Over almost the last decade my wife and I have made several visits to the lovely French town of Chamonix and the valley named after it. Situated at the foot of Mt. Blanc, the Aiguille du Midi at 3,842m towers over the town. You need to crane your neck to see it. The valley on its eastern side is created by the Mt Blanc massif. Mt Blanc itself at 4,809m is Europe’s highest mountain and straddles France and Italy. Switzerland is also part of the massif. Country borders seem influenced by the geography of the mountain passes.
Our visits to the valley have been for a few reasons. One has been my taking part in the Ultra Trail du Mt. Blanc (UTMB) series trail races** and on other occasions to be a spectator cum tourist at said races.
It has been a wonderful experience to participate in these events that, like the massif, cover 3 countries. Despite my being just an ordinary ‘back of the pack’ runner it is great to be at the same start line as the world’s best mountain and trail runners. During the week of races there are approx 8,000 ultra runners taking part from 80+ countries. Here in Scotland ultra running is a niche activity. In Chamonix for a week in late August it is mainstream and I feel normal. The French fete their top runners in a way you don’t see anywhere else.
My three races there have probably been the toughest physical experiences of my life. The unrelenting steepness of the mountains and the thinner air see to that. The occasions have also been life affirming. For me running long distances provides opportunity as a Christian to challenge both body and spirit. The truth is I need at times to step out of the comfortable routines of life. In ways that can’t be described in words God nourishes, blesses and equips to continue to live the much longer and more challenging race of life. We exist in a physical world but it takes spiritual resources to truly live.
All UTMB races end (most also start) in Chamonix in front of St. Michel Church in town centre. A few times I have sought solace from tension before races by sitting on the steps in front of the church. From there I ponder the massive cathedral of the Mt. Blanc massif that looms in front of me. Sandwiched between two silent but potent symbols of God’s love, power and presence.
The visits to Chamonix in more of a tourist capacity have obviously been more relaxed. That’s when either I have not competed by failing to get through the ballot process or felt unable to muster the mental or physical resources to take part. Then I have simply enjoyed being a spectator cheering on others as they strive to achieve. Also taking time to hike and enjoy the spectacular vistas.
Chamonix of course is home to many other sports; hiking, the home of alpine climbing, rock climbing, mountain biking; skiing; para gliding and wingsuit flying to name a few. I have met young people who are enthusiasts willing to forego studies or career, live simply and realise their adventures. Working in hospitality, as taxi drivers or as guides they pay for their outdoor passion in climbing, skiing or whatever. Elite trail runners who train there year round are often sponsored by big name outdoor gear companies. The place is also a magnet for tourists. These different types of people are exemplified in my journal entry of 2 Sept 2015…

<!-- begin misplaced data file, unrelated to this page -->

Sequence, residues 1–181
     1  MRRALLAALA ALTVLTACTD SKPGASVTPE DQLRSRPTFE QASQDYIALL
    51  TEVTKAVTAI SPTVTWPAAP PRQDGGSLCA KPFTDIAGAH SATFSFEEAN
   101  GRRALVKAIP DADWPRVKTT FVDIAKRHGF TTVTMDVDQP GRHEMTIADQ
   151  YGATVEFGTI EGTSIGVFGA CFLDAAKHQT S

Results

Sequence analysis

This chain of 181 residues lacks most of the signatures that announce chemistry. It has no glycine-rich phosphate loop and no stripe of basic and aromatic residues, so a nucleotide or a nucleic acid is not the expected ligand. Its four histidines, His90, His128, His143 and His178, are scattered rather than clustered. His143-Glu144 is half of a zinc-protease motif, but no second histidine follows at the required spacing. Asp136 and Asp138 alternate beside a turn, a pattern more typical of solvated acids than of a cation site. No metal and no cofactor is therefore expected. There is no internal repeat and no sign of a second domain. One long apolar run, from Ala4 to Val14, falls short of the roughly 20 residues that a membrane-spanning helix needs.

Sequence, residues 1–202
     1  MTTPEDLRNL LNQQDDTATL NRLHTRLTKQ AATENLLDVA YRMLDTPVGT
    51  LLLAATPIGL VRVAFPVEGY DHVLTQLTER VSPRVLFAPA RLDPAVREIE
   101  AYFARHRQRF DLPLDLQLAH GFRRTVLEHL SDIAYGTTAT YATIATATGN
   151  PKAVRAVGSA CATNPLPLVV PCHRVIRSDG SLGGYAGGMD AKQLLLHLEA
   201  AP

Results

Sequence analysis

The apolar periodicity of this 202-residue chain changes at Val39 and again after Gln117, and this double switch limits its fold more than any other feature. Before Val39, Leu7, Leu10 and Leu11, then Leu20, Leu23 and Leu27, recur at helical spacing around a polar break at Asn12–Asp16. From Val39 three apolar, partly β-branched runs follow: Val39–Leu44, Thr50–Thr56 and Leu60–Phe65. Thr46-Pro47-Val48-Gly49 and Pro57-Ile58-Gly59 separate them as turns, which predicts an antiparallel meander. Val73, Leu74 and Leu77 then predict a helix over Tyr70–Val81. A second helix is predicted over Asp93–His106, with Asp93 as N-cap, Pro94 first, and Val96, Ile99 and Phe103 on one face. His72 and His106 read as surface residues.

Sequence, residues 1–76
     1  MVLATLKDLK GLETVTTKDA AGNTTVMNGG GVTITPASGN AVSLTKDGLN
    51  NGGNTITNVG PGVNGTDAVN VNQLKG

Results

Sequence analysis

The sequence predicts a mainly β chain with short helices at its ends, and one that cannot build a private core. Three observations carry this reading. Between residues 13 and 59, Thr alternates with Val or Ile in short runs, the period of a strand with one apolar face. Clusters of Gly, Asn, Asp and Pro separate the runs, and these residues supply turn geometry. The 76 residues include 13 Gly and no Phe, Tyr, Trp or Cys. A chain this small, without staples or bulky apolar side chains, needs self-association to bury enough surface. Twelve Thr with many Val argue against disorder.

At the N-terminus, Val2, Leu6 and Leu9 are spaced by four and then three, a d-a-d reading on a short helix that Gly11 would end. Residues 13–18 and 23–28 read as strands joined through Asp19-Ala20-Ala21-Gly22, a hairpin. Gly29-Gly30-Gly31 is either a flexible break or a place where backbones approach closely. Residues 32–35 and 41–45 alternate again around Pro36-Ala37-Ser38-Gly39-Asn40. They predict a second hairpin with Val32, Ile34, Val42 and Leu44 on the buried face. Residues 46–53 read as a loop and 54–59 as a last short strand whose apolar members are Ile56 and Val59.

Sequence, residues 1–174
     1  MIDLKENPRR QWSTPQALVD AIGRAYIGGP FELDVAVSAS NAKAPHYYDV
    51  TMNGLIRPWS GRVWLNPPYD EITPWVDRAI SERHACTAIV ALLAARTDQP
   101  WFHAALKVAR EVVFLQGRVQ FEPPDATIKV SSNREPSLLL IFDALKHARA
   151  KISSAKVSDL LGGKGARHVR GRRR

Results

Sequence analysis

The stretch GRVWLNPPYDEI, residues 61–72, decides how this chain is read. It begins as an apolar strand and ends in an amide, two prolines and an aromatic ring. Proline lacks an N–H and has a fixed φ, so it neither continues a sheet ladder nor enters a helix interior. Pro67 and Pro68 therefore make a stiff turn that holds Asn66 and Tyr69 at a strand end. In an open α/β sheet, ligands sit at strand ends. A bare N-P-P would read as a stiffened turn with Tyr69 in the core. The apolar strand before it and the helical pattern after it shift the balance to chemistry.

We have got in the habit of having breakfast in a small cafe which wasn’t far away from the chairlift to Aiguille du Midi. The cosy premises seemed to comprise of 2 types of people. One group were relaxed chair lifters out for the day and dressed in the latest fashionable ski and outdoor wear. Another group had the business air of serious mountaineers or rock climbers laden with safety ropes and equipment. Of this latter group I observed one wizened figure who seemed to be a mountain guide. He looked like he was waiting for his clients for the day. His face seemed to show a man used to being in the high mountains and who lived an intensely physical life. I imagined his trade reflected a nobility missing from much of modern life; that of making a living from a rugged life of outdoor adventure. I never talked to the man but sometimes a face inspires a story.
Chamonix as a town is not that remarkable. At the beginning of the 20th century it was largely unknown. At times the Chamonix valley was even cut off from the rest of France during bad winters. Now it is a mixture of adventure playground and expensive tourist magnet. The people who have come to make a living there and those who have come to enjoy it’s beauty as tourists or sports enthusiasts made it what it is. The same forces may change it for the worse as the stark, wild and pure beauty of the mountains are made accessible to more and more.
Other changes in the environment of the region may have consequences further afield. The glaciers that used to encroach on living areas have now receded far up the mountainsides. Even in under a decade you notice the difference.
This is not an advert for the town or the valley. It became special to us due to spending time there and doing things we enjoyed. I’m sure you have places equally special.
** A series of several different races around Mt. Blanc, varying in length and difficulty. You can read my experience in these races here.
4 thoughts on “Valley Thoughts”
Thanks again, Allan. I really liked your thoughts about the need to step outside of the comfortable routines of life. I think that helps me understand your ultra-marathon running better.
I can see that the scale of the Alps will create rather different reactions from walking and running in Scotland, although the challenges in both terrains are no doubt similar.
Yes different environments and each has it’s beauty.
You never cease to amaze me Allan.
Wonderful to read your experiences there
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